"She is happy."
Translation:Hauʻoli ʻo ia.
I take it that " 'o ia" means she. What is "he"? Google translate shows the only difference between he and she is the capitalization of the o (" 'O ia" for he, and " 'o ia" for she). What's the difference in pronunciation? Is it inflection, syllabic inflection, or something else? Just curious. Thanks in advance.
Hawaiian doesn't have separate pronouns for men and women. 'O ia can refer to a man or a woman regardless of whether the o is capitalized or not and it is pronounced the same in all cases. If you want to be specific who you are talking about, use their name. If you think I already know who you are talking about, then use 'o ia no matter who it is.
Do you have to use "'o" and "ia" together, or can you just use one of them?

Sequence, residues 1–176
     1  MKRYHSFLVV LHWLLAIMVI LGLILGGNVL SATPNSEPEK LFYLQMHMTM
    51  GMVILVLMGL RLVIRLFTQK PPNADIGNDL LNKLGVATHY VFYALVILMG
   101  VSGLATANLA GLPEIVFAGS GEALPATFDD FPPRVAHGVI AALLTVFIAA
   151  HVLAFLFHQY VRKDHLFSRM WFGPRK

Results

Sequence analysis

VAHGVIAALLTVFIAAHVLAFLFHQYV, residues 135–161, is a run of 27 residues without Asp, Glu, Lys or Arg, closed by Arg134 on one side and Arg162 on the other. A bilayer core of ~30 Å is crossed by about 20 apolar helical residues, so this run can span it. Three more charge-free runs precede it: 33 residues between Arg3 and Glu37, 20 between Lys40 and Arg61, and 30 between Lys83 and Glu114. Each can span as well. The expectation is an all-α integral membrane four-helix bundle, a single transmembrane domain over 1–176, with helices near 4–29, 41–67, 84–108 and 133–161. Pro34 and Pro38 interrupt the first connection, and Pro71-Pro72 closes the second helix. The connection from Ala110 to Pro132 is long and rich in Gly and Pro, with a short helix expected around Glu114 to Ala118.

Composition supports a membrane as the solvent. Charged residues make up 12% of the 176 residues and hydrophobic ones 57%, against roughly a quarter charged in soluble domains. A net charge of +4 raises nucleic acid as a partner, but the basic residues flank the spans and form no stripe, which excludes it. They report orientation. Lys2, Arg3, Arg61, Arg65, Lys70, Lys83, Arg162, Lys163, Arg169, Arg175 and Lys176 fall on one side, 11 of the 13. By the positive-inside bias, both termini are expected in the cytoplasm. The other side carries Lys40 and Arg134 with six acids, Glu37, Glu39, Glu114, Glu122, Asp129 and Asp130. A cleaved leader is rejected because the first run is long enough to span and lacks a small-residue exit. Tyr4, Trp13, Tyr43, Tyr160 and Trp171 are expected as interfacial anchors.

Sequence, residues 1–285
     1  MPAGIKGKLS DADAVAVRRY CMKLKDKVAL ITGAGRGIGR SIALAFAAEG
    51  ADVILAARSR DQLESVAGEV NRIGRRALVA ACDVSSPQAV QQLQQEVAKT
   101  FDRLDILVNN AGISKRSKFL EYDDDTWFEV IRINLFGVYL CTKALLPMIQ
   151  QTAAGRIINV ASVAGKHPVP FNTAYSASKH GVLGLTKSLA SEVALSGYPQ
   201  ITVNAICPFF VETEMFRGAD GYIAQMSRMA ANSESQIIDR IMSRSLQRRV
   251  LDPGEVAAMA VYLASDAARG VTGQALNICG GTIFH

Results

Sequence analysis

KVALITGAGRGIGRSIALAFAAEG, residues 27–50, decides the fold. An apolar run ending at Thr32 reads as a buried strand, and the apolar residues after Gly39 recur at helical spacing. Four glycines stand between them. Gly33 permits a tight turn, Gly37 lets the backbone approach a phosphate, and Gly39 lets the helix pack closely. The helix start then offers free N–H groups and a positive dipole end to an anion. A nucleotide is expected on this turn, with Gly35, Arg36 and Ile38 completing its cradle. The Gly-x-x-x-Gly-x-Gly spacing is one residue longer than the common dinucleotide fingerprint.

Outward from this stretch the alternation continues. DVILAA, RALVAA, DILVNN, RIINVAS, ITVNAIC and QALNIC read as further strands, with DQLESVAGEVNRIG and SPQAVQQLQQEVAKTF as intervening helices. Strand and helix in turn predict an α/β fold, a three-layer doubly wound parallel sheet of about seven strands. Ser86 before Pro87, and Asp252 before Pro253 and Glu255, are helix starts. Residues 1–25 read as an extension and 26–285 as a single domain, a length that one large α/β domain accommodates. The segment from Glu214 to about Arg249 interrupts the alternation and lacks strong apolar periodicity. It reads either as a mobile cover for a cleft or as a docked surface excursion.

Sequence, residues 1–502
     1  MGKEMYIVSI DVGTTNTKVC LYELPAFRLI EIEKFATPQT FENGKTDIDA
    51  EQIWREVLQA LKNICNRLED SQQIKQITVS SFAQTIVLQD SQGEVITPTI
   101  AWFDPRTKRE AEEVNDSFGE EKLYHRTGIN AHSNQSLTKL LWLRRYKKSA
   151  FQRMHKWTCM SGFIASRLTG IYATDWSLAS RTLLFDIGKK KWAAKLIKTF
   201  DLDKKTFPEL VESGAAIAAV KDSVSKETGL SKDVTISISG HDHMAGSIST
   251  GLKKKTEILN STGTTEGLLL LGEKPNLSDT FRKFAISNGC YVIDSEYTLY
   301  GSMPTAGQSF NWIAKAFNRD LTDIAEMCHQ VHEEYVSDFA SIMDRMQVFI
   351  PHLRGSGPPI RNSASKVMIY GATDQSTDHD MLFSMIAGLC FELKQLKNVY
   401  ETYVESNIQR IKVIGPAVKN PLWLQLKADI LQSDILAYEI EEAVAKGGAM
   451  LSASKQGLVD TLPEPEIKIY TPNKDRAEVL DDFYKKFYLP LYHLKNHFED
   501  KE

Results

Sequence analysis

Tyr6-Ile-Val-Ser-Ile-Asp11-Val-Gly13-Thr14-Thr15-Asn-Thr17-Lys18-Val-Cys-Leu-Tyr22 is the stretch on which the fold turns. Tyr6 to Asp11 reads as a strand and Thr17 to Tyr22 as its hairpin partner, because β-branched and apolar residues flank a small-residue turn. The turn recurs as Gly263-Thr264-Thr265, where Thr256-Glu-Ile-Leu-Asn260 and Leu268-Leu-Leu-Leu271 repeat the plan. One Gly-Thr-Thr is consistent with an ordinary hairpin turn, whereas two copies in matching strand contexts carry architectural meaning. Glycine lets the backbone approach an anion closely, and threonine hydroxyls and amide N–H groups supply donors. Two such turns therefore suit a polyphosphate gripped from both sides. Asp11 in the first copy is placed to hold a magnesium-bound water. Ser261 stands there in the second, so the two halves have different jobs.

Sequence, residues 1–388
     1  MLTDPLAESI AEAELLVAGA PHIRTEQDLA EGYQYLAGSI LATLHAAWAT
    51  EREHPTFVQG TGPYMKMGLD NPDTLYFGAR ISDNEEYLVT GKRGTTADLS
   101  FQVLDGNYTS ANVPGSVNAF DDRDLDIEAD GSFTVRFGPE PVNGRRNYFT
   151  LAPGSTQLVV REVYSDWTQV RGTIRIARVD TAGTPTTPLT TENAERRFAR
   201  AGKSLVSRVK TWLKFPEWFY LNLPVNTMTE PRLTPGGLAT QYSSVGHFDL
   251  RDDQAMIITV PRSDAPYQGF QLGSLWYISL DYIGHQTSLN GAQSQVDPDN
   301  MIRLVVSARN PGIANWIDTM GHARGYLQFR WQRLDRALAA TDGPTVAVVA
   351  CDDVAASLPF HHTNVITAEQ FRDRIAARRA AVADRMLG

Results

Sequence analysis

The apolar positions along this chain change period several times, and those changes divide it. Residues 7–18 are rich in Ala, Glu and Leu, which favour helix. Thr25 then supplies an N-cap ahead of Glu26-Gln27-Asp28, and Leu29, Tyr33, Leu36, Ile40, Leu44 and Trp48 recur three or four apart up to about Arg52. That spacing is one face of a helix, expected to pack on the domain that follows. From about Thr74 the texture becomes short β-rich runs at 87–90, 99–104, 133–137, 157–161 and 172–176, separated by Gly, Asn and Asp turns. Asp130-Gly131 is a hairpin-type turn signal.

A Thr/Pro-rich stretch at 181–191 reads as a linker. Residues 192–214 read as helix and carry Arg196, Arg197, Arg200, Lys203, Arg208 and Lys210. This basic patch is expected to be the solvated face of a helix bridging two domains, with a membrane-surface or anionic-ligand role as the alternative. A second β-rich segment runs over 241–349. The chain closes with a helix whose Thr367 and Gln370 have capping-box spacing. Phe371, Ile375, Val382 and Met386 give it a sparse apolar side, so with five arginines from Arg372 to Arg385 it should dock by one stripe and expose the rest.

I believe there may be some users of ia without ‘o, but we haven't learned them yet. ‘O is a particle that marks words, so you have to use it with the word your marking. Ia is the actual problem, and must always be marked with ‘o when being used as the subject in a sentence. Proper names must also be marked with ‘o when being used as the subject.
Only when it follows another word that ends in a vowel. I believe (though I could be mistaken) that a vowel at the beginning of a sentence is said with a closed glottis whether there is an ‘okina or not. However when going from one vowel to another (even in separate words) one should glide from one vowel to the next unless there is an ‘okina in which case one should close the glottis between the vowel sounds.
'O ('okina o) is a particle marking the subject and is used in front of a person's name, sometimes a place name (eg. Waikīkī, Maui, Hale'iwa, etc.) or in front of ia ('o ia) for he, she or it. Just plain o is the preposition of. Check out wehewehe.org (online Hawaiian Dictionary) for more explanations.